A service charge in block management is a charge levied by the building owner to recover the costs incurred in providing services to the building. The key in understanding what is chargeable and how often is the lease and it is important that a leaseholders obligations are fully understood. Here we will cover off the costs that are usually within the service charge including cleaning, maintenance, management, utilities, insurance and importantly a contribution towards the long-term maintenance of the building and estate.
The management company usually appoints a block managing agent as the buildings and estate manager. Your managing agent will take a detailed look at the design and specification of the building and either obtain quotations or approximate costs for running the estate and buildings and servicing the equipment on site. The total cost is then calculated for the residential flats and split between each flat according to the size of the property as a percentage of the total residential area.
Depending on whether you are living in a new build or an existing development, will depend on how estimated the service charges may be. For example there could be changes in a new build to the specification and design of some equipment which may ultimately effect the costs that have been budgeted for. However, regardless of building type, a service charge is calculated on the basis of an estimate only. Whilst an agent will do everything they can to stay within the quoted budget sometimes costs arise that are unforeseen and they will have to charge more than their original estimate. For example the cost of living crisis will have affected a lot of budgets, especially for budgeting utilities and ultimately will impact the cost a leaseholder pays.
If the service charge estimate that you pay is more than the service charge cost then the overpayment may be put towards your next year’s bill or you could get a refund. In some leases this can also be contributed to reserves if it is deemed appropriate. It is important to check your lease to understand what happens in your building, as this will vary.
If the service charge estimate that you pay is less than the cost of running the building then you will be invoiced for the balance at the end of the service charge year. In extreme circumstances where there is not enough money in reserves to continue operating the building then you may be asked to make an extra contribution outside of your normal payment dates, but this would be highly unlikely.
The service charge fund is determined by the services at the development, these are usually broken down into different areas, an example would be:
Whilst most items in the service charge are spent in the year they are charged, or accrued over a couple of years, there should also be a provision for a contribution towards a reserve fund included in a service charge. This is to save for irregular or expensive costs on the building over the course of its lifetime as at some point items like the roof will require replacing and instead of asking for extra money up front from the leaseholders this can be saved over time and deducted from the reserve fund when required.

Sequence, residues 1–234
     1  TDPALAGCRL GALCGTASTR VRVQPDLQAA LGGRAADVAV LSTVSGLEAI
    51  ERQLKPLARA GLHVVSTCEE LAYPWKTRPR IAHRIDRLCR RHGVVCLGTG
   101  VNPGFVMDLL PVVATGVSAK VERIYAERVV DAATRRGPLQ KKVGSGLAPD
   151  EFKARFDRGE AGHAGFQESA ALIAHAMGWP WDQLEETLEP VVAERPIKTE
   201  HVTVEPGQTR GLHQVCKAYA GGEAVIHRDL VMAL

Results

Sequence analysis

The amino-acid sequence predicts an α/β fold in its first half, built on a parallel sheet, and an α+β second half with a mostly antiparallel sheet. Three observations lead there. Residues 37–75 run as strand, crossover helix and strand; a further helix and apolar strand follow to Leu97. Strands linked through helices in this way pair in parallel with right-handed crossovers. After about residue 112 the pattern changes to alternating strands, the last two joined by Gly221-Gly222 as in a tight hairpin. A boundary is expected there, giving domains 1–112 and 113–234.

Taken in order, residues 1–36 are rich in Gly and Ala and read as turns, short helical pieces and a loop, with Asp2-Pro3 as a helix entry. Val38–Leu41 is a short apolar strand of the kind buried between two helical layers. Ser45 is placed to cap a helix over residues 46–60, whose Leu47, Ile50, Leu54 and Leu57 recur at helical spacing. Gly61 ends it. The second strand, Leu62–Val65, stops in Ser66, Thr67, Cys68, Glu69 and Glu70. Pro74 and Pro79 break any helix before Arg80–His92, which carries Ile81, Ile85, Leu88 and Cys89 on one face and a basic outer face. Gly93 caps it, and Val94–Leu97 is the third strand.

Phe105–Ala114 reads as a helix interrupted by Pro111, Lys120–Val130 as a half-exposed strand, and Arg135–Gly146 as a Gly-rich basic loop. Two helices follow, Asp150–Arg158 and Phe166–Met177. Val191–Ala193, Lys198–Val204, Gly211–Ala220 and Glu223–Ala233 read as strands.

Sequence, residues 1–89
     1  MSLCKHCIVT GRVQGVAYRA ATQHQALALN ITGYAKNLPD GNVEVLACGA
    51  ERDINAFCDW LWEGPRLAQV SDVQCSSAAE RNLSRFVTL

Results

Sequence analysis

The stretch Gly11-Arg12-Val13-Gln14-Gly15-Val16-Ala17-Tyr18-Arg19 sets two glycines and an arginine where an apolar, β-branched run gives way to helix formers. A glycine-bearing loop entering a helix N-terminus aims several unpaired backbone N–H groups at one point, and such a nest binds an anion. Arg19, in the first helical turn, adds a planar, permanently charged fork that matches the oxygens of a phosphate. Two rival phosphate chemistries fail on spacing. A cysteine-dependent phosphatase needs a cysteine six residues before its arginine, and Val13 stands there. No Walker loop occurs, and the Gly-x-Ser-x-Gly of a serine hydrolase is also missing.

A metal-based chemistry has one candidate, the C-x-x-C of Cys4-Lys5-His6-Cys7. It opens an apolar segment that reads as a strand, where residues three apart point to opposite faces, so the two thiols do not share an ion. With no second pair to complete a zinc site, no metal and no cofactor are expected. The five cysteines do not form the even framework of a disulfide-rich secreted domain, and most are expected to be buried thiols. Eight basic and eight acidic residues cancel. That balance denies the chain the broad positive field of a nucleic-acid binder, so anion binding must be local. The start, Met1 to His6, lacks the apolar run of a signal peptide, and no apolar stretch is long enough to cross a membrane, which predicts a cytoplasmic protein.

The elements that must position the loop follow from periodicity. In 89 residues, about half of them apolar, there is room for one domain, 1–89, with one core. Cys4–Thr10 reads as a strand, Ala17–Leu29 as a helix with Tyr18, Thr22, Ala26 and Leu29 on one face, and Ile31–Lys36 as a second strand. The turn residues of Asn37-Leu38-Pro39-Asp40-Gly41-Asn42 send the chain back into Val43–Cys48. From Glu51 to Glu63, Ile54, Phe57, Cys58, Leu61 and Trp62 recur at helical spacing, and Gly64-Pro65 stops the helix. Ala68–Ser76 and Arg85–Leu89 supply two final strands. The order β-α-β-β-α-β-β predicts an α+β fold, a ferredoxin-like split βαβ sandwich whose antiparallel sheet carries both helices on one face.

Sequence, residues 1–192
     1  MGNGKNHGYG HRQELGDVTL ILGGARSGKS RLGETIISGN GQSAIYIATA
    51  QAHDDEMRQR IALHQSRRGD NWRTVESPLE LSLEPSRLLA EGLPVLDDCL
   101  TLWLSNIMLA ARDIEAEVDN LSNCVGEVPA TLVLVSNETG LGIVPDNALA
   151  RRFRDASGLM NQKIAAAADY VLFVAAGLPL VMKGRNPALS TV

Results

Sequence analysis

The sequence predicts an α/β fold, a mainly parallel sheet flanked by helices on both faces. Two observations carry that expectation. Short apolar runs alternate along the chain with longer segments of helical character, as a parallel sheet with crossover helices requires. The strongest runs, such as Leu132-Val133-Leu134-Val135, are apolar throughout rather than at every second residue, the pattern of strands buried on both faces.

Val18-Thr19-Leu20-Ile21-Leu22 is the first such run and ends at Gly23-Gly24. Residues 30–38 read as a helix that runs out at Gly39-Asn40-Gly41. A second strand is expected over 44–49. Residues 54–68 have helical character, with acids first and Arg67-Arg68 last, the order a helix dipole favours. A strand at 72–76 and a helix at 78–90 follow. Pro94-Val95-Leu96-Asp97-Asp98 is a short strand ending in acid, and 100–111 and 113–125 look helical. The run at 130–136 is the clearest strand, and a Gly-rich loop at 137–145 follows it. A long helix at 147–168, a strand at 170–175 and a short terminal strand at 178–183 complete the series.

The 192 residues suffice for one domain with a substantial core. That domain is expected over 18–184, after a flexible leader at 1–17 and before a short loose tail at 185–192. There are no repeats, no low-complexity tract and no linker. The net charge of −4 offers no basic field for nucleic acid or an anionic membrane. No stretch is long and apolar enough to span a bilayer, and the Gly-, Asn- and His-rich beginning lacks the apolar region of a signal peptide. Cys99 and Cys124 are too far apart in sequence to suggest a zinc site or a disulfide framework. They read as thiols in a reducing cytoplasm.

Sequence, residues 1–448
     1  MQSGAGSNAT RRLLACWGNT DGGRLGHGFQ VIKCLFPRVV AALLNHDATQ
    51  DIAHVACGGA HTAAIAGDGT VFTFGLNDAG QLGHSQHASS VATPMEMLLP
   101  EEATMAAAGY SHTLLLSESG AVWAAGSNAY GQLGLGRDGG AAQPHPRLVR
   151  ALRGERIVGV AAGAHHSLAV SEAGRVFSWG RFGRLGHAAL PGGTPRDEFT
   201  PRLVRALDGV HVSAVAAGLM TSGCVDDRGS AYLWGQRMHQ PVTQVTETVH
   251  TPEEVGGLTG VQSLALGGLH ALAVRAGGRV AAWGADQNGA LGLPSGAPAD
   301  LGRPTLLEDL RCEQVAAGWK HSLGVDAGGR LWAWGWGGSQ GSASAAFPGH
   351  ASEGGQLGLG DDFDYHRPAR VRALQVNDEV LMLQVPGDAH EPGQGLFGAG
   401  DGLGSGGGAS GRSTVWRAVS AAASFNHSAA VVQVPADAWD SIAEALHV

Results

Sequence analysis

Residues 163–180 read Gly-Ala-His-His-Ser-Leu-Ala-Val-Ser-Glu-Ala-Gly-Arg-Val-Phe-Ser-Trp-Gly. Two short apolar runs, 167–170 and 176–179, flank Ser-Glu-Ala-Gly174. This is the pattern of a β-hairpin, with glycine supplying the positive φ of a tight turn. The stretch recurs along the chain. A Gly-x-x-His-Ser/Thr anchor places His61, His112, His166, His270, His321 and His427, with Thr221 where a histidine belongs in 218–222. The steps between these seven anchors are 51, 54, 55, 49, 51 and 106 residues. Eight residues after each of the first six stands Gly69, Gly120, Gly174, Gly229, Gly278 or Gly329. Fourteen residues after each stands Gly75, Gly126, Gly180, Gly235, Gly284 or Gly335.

Managing agents for buildings will hold an Annual General Meeting (AGM) or a Residents meeting depending on the management company structure, approximately 30 days before the end of the service charge year. You will be notified within the terms of your lease. This is opportunity to get an update as to what is going on in the building and provide feedback. This is also usually where a potential budget is proposed for the following year and will determine what service charges you will incur for the year ahead.
Every item in a building, like the roof, lift, paintwork etc. has a limited lifespan. A good managing agent will try to estimate how long it will take before that item has to be replaced or repaired and how much it will cost and split that over the relevant time period. It is only fair that people that have had the use of the building over time pay towards the upkeep of the building for the time that they are there as opposed to those that happen to live in the building paying for the repair. This is obviously not an exact science but that is what this fund is for. Hopefully it also avoids having to ask leaseholders for large one off costs as there are funds put by in reserves to cover the cost.
Managing agents are required to hold service charge money in Trust and so this is often held in a client account. This is protected by special insurance and managing agents should also have an independent audit from an accountant to ensure the money is being kept correctly and recorded appropriately.
Should you need to get in touch with us regarding any query with your service charge you can contact us by phone or email where our Block and Estates team will be able to help you.